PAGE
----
Sebastian Vettel apologises to Lewis Hamilton after Azerbaijan GP incident
Sebastian Vettel has apologised for swerving into Lewis Hamilton during the Azerbaijan Grand Prix, both publicly and in private and was let off with only a warning from FIA president Jean Todt.other sports Updated: Jul 07, 2017 15:36 IST
A contrite and apologetic Sebastian Vettel accepted full blame again for the controversial racing incident with Lewis Hamilton at the recent Azerbaijan Grand Prix.
Sitting alongside him at a packed news conference on Thursday, Hamilton accepted the apology but maintained justice was not done.
Two weeks ago, an irate Vettel swerved into Hamilton, albeit at slow speed, because he thought the British driver slammed his brakes on recklessly late, right in front of him, seconds earlier.
“It was the wrong move to drive alongside him and hit his tire. I guess that’s what you all want to hear,” Vettel said. “Am I proud of the moment? No. Can I take it back? No. Obviously what I did was wrong and I apologized. I did make a mistake and I can understand if he’s upset. It’s good that we can move forward.”
Vettel escaped further punishment this week after Formula One governing body the FIA reviewed the incident in Paris. Vettel traveled to the hearing, apologized, and escaped with a verbal warning from president Jean Todt.
“Jean should be sitting next to us to be honest, to answer the same question,” Hamilton said. “They didn’t change anything on the Monday, so the message sent remains the same.”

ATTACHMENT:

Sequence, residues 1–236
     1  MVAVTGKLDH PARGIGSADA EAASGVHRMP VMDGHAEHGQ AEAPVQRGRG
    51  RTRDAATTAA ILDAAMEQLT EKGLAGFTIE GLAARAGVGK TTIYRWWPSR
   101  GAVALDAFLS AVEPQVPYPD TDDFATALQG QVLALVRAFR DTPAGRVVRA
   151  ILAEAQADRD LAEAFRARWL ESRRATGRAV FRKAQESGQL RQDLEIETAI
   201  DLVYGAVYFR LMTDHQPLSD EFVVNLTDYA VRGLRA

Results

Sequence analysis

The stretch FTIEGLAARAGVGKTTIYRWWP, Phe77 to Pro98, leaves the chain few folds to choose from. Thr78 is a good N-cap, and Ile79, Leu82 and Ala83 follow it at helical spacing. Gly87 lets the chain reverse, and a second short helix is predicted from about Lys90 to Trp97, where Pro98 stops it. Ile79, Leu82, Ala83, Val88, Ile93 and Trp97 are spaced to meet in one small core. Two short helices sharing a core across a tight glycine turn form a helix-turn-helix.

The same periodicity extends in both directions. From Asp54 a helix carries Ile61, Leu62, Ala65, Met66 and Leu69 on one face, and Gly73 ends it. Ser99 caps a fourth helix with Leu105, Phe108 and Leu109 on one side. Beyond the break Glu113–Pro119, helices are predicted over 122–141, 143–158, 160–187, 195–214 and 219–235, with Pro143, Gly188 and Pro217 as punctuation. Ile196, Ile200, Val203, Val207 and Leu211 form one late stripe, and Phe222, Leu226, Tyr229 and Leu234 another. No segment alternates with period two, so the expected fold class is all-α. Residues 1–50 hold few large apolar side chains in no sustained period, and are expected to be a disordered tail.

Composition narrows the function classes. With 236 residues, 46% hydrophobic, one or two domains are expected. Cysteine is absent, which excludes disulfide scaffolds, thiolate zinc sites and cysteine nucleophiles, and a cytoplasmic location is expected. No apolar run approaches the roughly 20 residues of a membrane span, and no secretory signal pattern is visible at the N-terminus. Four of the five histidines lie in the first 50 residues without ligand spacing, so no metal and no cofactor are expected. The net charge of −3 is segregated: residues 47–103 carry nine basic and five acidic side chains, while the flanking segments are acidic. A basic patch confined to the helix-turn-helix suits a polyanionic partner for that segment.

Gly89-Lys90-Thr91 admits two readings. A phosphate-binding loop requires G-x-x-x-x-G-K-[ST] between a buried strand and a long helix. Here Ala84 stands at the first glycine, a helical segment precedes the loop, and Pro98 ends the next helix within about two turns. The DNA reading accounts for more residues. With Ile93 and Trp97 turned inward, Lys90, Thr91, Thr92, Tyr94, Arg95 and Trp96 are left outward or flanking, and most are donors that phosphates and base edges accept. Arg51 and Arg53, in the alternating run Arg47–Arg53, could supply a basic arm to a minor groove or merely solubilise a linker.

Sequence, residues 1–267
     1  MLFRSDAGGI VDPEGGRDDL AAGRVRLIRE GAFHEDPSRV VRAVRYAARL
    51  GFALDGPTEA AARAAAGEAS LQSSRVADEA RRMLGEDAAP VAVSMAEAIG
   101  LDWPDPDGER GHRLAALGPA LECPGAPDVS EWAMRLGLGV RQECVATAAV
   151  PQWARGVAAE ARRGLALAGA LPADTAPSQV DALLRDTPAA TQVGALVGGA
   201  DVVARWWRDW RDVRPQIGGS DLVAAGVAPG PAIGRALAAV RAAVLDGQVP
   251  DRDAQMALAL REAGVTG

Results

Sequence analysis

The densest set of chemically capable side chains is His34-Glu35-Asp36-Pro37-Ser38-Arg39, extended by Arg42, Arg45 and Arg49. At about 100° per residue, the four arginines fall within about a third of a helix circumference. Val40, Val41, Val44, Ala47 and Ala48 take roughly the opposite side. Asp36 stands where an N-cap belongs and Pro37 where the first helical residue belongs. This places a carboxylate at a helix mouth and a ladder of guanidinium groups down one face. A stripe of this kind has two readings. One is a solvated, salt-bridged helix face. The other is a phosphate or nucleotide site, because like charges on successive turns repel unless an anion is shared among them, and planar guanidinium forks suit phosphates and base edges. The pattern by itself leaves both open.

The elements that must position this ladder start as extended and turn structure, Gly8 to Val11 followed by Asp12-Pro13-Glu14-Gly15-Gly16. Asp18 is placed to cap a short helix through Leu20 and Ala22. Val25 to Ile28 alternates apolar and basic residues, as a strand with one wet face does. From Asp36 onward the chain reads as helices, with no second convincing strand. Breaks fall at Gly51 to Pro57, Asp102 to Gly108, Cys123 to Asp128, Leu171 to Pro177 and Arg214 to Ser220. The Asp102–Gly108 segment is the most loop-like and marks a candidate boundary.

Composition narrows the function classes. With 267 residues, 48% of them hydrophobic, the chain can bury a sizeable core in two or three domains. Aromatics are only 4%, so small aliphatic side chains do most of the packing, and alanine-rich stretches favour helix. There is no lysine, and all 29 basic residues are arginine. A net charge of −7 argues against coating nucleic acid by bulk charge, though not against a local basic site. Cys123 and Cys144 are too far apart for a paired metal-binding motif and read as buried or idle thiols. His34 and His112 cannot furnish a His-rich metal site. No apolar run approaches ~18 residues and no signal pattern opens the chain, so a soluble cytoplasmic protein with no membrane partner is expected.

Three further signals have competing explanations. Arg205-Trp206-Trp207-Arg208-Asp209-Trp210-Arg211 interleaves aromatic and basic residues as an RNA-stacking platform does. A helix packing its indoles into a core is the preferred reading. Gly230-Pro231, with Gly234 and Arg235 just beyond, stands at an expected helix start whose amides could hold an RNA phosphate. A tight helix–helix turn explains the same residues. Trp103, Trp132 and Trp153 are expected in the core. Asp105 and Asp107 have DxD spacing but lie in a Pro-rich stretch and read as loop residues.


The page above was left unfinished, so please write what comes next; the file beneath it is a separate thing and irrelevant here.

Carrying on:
In other words, that dangerous driving went unpunished, in this case.
“An intense battle is good for any sport, I don’t disagree with that,” Hamilton said. “But we are used as a platform, we are a role model and we are supposed to inspire and send a message.”
After the race, an irate Hamilton said Vettel “disgraced himself” for his driving.
“I don’t think I have to take back anything I said,” Hamilton said on Thursday. “It’s water under the bridge now.”
Their heated clash further raised the profile of an already intriguing Formula One season. Vettel, chasing a fifth world title, leads the championship after eight races. Hamilton, chasing a fourth title, is 14 points behind in second place heading into the Austria GP this weekend.
At the time, Vettel explained, he reacted angrily because he thought Hamilton brake-tested him — a dangerous move in F1 whereby a driver suddenly slams on the brakes to impede the driver behind.
“I had the impression at the time that I got fouled, which was wrong,” Vettel said. “If I could go back in time and literally take it back I would, but I can’t.”
Asked if he had used his car as a weapon, Vettel became defensive, arms folded.
“I never had the intention to hurt him, to punch him,” he said, pausing to find his words, and then refuting suggestions he has a problem controlling his temper. “I don’t think so. I can see why you might believe it.”
But although he felt Vettel should have been punished further, Hamilton insisted their mutual respect remains intact.
“Sebastian and I spoke on the Monday (the day after) and then I got a text the next from Sebastian the next day (apologizing) and I did accept it,” Hamilton said. “I said I still had the utmost respect for him as a driver. My only point to Sebastian was to correct publicly that I brake-tested him, which was not the case. People were sending messages to me that I was out of order”